Just shy of twenty four hours since its finale, I wanted to write a post reflecting on Channel 4’s latest reality spectacle, The Circle, created by Studio Lambert.
What is The Circle?
For those of you who have been living under a rock* for the past three weeks, the premise of the show is somewhat a digital version of the infamous Big Brother, tailored to fit the obsession with the online world that fills and fuels our society today.
*doing actual things** at 10PM every night
**something other than sitting in your pyjamas eating chocolate brownies whilst glued to your TV or laptop for an emotional rollercoaster of an hour
The premise of the show is as follows:
A group of strangers stay in the same block of apartments, but none of them are allowed to meet each other. Instead, they interact only through a group chat. They form impressions of each other through their online interactions and Circle profiles, individual feeds like that of a Twitter or Instagram user. The player voted most popular by their fellow contestants wins £50,000.
A New Kind of Reality TV
The stigma attached to reality television is one thought to be near-impossible to escape, but The Circle has done a pretty good job in avoiding it. I’ve seen countless tweets and had many conversations about how gripping the show is and how surprised we are that we enjoy watching it so much.
Reflecting on these conversations and on the past three weeks, I realise just how much I learned from the series. It was like getting an insight into a case study which interrogates the relationship between social media, identity and human interaction online.
It isn’t just within the genre of Reality TV, it’s mirroring our reality right now, which many shows of the same genre don’t do (unless you too are a real housewife of Beverly Hills).
The format of The Circle itself – a social media platform called ‘The Circle’ created for the show’s contestants – is much like the social media platforms the majority of us use every day. From sharing our opinions on the latest news stories to forming a judgement of whether we ‘get’ someone by their facial expression in one photo, the show is an opportunity to look behind the screens of people across the country who we interact with on a regular basis.
We all know that there’s an element of performance on social media (more on that later), but actively watching someone send a lovely message and laugh to themselves about how much they’re lying is shocking, entertaining, and a huge reality check.
– SPOILER ALERT –
In fact, the winner of the show itself was a catfish, twenty-five-year-old Alex who used his girlfriend’s picture and interacted with his fellow contestants under the guise of ‘Kate’, a made up character he created with the intention of conveying the ‘perfect’ online persona. Well, frighteningly, it worked, with Alex walking away £50,000 richer as a result of winning the show.
Despite many of the other contestants increasingly doubting Kate’s legitimacy, Alex only needed the trust of one player – the lovely Dan – to give him support and ‘rate’ him high enough (a sort of ‘likes’ system, as such) in comparison to other contestants to get the edge to win the finale. Whilst others were voting everyone else painfully low, Dan’s trust in ‘Kate’ allowed her to win.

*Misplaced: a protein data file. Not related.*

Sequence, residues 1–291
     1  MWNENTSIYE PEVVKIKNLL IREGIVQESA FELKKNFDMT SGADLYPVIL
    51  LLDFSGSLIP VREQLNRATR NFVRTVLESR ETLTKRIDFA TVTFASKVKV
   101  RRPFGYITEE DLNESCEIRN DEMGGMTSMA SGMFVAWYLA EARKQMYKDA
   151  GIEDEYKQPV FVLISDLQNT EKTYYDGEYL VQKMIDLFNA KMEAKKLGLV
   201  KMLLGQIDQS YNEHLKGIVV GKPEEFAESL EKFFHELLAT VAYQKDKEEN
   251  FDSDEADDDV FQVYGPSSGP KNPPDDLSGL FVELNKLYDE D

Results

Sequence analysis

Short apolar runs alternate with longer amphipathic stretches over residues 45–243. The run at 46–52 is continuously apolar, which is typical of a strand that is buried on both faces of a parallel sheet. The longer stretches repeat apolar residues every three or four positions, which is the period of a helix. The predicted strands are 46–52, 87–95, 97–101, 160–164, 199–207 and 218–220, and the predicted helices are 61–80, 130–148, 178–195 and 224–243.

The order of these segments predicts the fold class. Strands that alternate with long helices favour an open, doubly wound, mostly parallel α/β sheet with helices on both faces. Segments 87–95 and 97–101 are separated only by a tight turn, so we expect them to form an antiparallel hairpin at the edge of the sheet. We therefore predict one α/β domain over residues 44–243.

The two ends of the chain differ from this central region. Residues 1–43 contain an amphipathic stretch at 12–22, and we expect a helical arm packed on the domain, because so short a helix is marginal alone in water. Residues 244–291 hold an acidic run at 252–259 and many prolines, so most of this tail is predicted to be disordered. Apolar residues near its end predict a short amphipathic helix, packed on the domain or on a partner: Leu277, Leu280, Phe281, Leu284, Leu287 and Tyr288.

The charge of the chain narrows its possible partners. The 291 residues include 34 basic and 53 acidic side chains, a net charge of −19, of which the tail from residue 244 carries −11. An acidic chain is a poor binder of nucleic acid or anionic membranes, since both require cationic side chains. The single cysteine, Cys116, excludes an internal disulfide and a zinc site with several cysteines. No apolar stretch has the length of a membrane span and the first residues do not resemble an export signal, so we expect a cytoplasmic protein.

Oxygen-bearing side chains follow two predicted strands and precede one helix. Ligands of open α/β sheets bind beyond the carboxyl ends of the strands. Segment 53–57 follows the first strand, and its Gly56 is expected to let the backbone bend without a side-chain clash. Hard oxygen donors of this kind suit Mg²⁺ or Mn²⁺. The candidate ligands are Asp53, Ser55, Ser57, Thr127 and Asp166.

Testing the Friendships Formed in The Circle
There were various friendships (and on some occasions, potential relationships) that formed within The Circle, and it was absolutely fascinating to watch them develop. Not only the speed at which we’re able to decide whether we like someone or not without having met them, but the speed at which bonds and trust can be formed. As mentioned previously, Dan quickly ‘clicked’ with Kate and this saw the start of a friendship that lasted right up until he found out Kate was actually Alex. I really hope they managed to clear that up and build the bromance they deserve in real life.
Sian and Freddie – Dan and Kate’s fellow finalists on the show – formed a super strong bond throughout the process too. Interestingly, whilst players entered and were inevitably blocked from The Circle‘s group chat (the result of receiving the lowest ratings), the four contestants in the final had been there from the beginning. This gave them the time to build friendships over a period of three weeks (chatting to each other all day every day, remember) that I really do hope last a long time!
It was interesting to see the lengths people would go to for that £50,000 prize though. Whilst I’m not surprised they’re desperate to take home the cash, watching the switch between ‘Love you bestie’ to ‘I’m rating you two stars out of five’ in a bid to win is pretty brutal! I think it’s the raw honesty and judgement that makes the show so gripping and unlike the overproduced, scripted shows out there in the ‘reality’ genre.
The Future of The Circle
Don’t worry, if you missed the series – you can catch up on Channel 4’s website. I am told that Netflix have bought the rights to The Circle and will be producing it in the future, which is very exciting. I think The Circle‘s raw depiction of the effects of solitude and social media is going to continue doing really, really well.
In the mean time, I’d love to hear your thoughts on the programme!